Here are the Latin Names for the Days of the Week

A Kick-Ass Calendar

fasti
Fasti. Courtesy of Wikipedia.

The official calendars of the ancient Roman Republic don't show the days of the week. But by the early imperial period, Romans used seven gods' names (Sol, Luna (Moon), Mars, Mercury, Jove (Jupiter), Venus, and Saturn) to delineate the individuals days, although the Roman week itself actually varied in its number of days. It's worth noting that the gods' names are in the Genitive Singular case.

  • dies Solis
  • dies Lunae
  • dies Martis
  • dies Mercurii
  • dies Iovis
  • dies Veneris
  • dies Saturni

Below is a table showing the Latin name for the day of the week, followed by the corresponding modern name in French, Spanish, and Italian. This follows the convention in Italy, etc., of naming Monday first. Please notice that the modern name for Sunday is not connected with the sun god himself, but is related to the word for "Lord," and Saturn's day refers to a Sabbath in the Romance language names for the days of the week, although English uses the Roman deity's name.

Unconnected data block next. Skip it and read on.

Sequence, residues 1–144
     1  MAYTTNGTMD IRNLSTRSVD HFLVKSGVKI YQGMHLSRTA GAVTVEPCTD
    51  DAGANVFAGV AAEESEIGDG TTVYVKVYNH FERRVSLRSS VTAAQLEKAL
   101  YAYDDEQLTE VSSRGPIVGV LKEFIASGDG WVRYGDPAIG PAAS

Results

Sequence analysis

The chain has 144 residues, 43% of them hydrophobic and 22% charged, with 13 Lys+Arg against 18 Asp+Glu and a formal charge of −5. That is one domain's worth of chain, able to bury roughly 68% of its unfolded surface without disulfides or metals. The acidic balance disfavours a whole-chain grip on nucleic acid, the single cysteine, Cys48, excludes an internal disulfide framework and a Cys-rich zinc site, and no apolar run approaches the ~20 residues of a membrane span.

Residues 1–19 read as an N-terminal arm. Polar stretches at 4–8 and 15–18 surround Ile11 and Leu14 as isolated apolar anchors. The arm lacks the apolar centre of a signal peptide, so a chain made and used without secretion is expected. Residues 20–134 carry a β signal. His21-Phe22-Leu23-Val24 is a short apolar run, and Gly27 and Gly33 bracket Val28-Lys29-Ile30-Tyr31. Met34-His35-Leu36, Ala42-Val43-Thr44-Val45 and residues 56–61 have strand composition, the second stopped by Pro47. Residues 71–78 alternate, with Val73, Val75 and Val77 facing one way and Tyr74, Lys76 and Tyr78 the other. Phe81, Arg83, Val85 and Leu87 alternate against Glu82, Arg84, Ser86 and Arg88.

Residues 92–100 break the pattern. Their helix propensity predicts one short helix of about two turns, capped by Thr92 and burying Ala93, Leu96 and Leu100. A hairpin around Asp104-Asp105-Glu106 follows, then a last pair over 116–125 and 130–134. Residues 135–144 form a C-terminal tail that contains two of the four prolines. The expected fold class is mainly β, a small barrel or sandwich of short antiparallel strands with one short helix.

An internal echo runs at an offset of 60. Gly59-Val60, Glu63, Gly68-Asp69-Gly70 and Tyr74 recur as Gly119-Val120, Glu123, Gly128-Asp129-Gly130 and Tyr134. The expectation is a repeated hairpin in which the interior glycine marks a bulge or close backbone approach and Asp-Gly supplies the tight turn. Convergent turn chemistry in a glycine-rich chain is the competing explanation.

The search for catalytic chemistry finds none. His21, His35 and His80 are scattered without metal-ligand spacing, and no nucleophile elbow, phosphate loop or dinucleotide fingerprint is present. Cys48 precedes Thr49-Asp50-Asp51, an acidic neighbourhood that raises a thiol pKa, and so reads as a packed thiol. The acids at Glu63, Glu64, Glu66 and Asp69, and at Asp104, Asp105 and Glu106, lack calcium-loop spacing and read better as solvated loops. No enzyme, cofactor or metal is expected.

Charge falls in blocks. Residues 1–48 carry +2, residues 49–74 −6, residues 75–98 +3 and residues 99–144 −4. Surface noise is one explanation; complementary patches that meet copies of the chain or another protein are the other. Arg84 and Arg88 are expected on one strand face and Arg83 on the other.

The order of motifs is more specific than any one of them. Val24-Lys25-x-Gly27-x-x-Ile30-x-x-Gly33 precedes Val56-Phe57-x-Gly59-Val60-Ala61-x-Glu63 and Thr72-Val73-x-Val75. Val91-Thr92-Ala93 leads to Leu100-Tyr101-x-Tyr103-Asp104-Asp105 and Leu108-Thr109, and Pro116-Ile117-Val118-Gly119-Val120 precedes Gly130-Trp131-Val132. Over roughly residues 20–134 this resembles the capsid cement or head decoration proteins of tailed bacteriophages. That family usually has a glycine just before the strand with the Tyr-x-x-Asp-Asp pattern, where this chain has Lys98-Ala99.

LatinFrenchSpanishItalianEnglish
dies lunae
dies Martis
dies Mercurii
dies Iovis
dies Veneris
dies Saturni
dies solis
Lundi
Mardi
Mercredi
Jeudi
Vendredi
Samedi
Dimanche
lunes
martes
miércoles
jueves
viernes
sábado
domingo
lunedì
martedì
mercoledì
giovedì
venerdì
sabato
domenica
Monday
Tuesday
Wednesday
Thursday
Friday
Saturday
Sunday

 

-Edited by Carly Silver